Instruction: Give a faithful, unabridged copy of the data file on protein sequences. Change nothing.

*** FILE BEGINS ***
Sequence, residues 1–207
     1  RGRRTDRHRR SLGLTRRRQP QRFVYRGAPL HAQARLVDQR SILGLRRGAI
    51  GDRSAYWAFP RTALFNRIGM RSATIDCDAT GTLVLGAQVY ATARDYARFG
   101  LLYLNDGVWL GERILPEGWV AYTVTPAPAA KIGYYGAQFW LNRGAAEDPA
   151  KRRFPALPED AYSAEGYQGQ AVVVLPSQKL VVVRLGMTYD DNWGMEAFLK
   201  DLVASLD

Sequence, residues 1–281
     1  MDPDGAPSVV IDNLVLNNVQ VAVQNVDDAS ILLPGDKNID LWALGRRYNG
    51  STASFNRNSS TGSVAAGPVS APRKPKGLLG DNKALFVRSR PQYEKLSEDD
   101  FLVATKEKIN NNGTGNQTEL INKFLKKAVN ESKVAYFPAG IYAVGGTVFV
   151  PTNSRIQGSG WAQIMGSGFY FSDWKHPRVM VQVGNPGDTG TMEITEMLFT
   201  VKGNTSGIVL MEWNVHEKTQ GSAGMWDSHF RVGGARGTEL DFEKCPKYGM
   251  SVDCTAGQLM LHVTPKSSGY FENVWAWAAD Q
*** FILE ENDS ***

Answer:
Sequence, residues 1–207
     1  RGRRTDRHRR SLGLTRRRQP QRFVYRGAPL HAQARLVDQR SILGLRRGAI
    51  GDRSAYWAFP RTALFNRIGM RSATIDCDAT GTLVLGAQVY ATARDYARFG
   101  LLYLNDGVWL GERILPEGWV AYTVTPAPAA KIGYYGAQFW LNRGAAEDPA
   151  KRRFPALPED AYSAEGYQGQ AVVVLPSQKL VVVRLGMTYD DNWGMEAFLK
   201  DLVASLD

Sequence, residues 1–281
     1  MDPDGAPSVV IDNLVLNNVQ VAVQNVDDAS ILLPGDKNID LWALGRRYNG
    51  STASFNRNSS TGSVAAGPVS APRKPKGLLG DNKALFVRSR PQYEKLSEDD
   101  FLVATKEKIN NNGTGNQTEL INKFLKKAVN ESKVAYFPAG IYAVGGTVFV
   151  PTNSRIQGSG WAQIMGSGFY FSDWKHPRVM VQVGNPGDTG TMEITEMLFT
   201  VKGNTSGIVL MEWNVHEKTQ GSAGMWDSHF RVGGARGTEL DFEKCPKYGM
   251  SVDCTAGQLM LHVTPKSSGY FENVWAWAAD Q